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Offbeat outliers: Equity savings

Equity savings funds have been getting the cold shoulder from investors for a while now. Here we discuss the reasons for this trend and why this category still holds value.

Offbeat outliers: Equity savings

In the first part of this four-part series we had discussed about the factors affecting the popularity of Aggressive Hybrid funds and the reasons we think investors should still hold on to the category. In the second part, we will talk about another category that investors have been ignoring, i.e., Equity savings category.

With assets of over Rs 10,000 crore, the equity-savings category was designed to be an improvisation of the traditional monthly income plans (MIPs), now known as conservative hybrid funds. While both the funds seem pretty similar in payoffs, equity-savings ones are more tax-efficient, given that they enjoy equity taxation. These funds invest about one-third each in equity, debt and arbitrage, which makes them a suitable choice for conservative investors. While the debt portion helps investors get returns better than FDs, arbitrage helps in protecting from equity volatility.

Together, the equity and arbitrage elements add to over 65 per cent, which qualifies these funds for equity taxation. This category came into being in 2014 and was always flaunted as a tax-friendly option to an MIP. However, over the years, its charm seems to have fizzled out. Look at the graph 'Equity savings: AUM trend' which highlights the general lack of interest the category has been seeing.

According to D P Singh, Chief Business Officer at SBI Mutual Fund, "The expenses of equity savings kind of funds need to be rationalised. In this category, you have 60-65 per cent of the money invested in debt and arbitrage, which are today giving about 5 per cent, but the funds are charging the maximum permissible rates. It impacts the performance of the scheme."

Well, expenses are definitely a spoiler here. The graph 'Different composition, similar expenses' compares the expenses of these funds with actively managed large-cap funds. In case of regular plans, the expense ratio of the equity-savings category is fairly close to actively managed large-cap funds. Clearly, fund houses need to reduce the expense ratio as it acts as a drag on the category. Having said that, these funds aim to provide convenience and act as a one-stop regular income solution.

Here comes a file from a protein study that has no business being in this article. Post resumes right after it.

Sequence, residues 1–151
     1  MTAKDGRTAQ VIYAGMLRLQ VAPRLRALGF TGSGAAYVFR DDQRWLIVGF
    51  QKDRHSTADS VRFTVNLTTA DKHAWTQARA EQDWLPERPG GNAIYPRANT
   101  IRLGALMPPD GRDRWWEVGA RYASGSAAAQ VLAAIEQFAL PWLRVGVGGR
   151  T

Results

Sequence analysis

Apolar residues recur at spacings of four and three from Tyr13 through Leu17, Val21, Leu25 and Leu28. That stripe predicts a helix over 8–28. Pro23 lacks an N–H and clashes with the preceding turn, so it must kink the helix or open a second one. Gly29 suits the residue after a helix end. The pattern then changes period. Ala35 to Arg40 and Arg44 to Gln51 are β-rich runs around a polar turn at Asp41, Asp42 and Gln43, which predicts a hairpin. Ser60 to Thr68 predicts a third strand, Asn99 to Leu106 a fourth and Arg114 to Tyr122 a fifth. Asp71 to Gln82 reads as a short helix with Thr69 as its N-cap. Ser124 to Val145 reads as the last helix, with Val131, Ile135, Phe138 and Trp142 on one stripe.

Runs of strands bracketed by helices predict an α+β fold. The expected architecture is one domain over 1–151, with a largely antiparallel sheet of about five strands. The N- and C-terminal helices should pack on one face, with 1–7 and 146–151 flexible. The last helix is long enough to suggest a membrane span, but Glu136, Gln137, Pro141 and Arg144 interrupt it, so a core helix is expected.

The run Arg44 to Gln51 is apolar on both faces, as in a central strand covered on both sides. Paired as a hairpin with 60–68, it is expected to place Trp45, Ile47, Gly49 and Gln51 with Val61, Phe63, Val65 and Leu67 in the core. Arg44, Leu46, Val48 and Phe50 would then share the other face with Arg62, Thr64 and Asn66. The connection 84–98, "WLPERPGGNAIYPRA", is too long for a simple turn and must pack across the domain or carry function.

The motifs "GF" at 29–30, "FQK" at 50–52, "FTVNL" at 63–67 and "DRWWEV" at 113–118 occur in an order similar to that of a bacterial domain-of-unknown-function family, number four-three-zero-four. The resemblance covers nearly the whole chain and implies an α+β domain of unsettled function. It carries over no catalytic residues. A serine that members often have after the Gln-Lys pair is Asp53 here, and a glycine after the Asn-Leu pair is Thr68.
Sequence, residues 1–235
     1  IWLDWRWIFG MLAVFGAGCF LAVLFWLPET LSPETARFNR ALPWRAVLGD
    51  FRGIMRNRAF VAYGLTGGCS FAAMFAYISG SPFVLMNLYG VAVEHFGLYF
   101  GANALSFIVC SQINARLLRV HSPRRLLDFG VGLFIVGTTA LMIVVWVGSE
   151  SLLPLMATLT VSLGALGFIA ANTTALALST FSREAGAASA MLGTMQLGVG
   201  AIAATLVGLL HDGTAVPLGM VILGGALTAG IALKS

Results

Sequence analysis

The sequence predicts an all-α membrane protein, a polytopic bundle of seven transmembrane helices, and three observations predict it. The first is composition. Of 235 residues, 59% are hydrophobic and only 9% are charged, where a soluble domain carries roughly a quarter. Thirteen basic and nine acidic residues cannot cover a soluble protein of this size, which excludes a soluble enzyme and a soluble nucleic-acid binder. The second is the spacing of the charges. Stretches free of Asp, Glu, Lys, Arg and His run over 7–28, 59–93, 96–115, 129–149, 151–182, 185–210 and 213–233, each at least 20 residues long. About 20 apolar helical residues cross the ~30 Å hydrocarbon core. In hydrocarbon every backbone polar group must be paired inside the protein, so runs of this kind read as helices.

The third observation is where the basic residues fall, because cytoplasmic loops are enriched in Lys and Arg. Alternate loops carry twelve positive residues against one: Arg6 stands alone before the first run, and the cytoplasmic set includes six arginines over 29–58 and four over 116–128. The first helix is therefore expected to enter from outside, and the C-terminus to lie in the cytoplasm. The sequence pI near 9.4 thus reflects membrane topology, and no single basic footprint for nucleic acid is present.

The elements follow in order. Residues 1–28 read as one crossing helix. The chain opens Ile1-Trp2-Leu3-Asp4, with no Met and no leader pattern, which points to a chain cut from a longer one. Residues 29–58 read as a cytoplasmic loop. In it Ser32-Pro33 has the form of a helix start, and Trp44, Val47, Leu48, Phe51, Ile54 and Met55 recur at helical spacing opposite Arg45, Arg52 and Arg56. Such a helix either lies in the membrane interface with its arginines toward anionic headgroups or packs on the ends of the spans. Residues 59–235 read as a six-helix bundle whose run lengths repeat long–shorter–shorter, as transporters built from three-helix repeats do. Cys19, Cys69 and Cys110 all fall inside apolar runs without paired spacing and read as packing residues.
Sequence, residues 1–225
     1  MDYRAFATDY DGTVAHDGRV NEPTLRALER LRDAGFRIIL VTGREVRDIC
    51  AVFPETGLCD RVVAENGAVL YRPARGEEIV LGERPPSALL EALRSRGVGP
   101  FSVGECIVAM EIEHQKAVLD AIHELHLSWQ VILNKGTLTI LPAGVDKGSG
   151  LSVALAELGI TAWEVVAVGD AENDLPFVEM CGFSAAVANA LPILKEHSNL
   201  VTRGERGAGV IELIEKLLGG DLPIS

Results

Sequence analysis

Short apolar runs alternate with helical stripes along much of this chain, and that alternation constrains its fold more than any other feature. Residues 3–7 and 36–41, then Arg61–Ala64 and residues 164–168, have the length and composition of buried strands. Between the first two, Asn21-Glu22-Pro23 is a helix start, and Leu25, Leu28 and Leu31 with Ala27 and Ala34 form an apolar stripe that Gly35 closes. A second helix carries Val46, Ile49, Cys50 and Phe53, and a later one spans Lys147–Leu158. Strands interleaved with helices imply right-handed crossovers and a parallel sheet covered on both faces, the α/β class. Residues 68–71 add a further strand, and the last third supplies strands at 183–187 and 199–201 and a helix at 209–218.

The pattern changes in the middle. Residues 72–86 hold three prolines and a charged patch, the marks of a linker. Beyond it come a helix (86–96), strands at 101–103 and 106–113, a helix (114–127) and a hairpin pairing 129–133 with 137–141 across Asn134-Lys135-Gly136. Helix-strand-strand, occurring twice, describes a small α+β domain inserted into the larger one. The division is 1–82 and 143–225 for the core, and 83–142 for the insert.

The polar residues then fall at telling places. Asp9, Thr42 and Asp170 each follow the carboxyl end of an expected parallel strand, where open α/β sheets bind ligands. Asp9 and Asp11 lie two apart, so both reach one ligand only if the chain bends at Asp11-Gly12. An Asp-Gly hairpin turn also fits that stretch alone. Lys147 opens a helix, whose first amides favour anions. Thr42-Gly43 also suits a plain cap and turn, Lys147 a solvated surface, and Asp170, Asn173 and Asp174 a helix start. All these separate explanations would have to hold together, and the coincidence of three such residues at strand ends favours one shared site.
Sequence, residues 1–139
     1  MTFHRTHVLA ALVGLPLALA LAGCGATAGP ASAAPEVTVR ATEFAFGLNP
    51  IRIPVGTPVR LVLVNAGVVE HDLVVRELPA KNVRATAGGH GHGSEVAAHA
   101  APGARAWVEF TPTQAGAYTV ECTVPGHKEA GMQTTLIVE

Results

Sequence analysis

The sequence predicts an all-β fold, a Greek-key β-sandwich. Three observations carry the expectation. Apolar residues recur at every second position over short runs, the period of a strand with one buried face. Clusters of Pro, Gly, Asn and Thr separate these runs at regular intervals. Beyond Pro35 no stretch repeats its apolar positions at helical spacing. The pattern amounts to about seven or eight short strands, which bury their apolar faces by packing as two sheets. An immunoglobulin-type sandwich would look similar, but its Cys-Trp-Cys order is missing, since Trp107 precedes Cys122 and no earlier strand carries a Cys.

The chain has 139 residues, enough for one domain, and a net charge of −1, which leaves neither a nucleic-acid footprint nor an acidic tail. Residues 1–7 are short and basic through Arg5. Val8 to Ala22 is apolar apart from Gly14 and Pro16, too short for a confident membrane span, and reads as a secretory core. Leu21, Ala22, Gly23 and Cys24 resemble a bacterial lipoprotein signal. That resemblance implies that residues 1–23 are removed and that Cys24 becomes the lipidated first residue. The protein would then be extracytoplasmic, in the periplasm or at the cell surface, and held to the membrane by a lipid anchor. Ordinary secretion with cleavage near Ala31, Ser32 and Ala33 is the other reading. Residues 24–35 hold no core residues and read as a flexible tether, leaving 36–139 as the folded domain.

As far as hybrids are concerned, while dynamic asset-allocation funds have been hogging the limelight, the equity-savings category certainly has its own merits. We find this category particularly useful for the retirees who are looking for only a measured dose of equity in their portfolio.

To check how well these funds fit the bill as a regular-income solution, we ran an illustration on the category. Suppose Mr Goyal has Rs 1 crore at the age of 60 as retirement savings and he puts the entire corpus in an average equity-savings fund at the end of 2014. Further, he starts with a conservative withdrawal rate of 5 per cent in the beginning of 2016 and increases the amount withdrawn by about 5 per cent every year to keep up with inflation. However, to avoid eating into his retirement nest, he ensures that his withdrawal rate, by and large, does not exceed about 6 per cent of his capital. For simplicity's sake, we have also assumed that withdrawals are taxed at a flat 10 per cent.

The graphs 'Mr Goyal's retirement income' and 'Mr Goyal's withdrawal rate' show the outcomes. In the first graph, you can see that by investing in an average equity-savings fund, Mr Goyal would have been able to comfortably maintain the goal of getting a steady income with a constant increase. The second graph shows how the withdrawal rate would have been during this time.

Since this illustration incorporates taxation, it is relatively aggressive and even then, an average equity-savings fund would have been able to help Mr Goyal achieve his goal. If you're thinking that illustration shows only the average outcome, we did replicate a similar strategy on a few funds and they were well able to pass this test.

So, from a utility perspective, investors who don't want to assume higher risk, and want to derive a regular income from their investment can look at equity-savings funds. These are desirable funds for conservative investors seeking moderate and stable returns.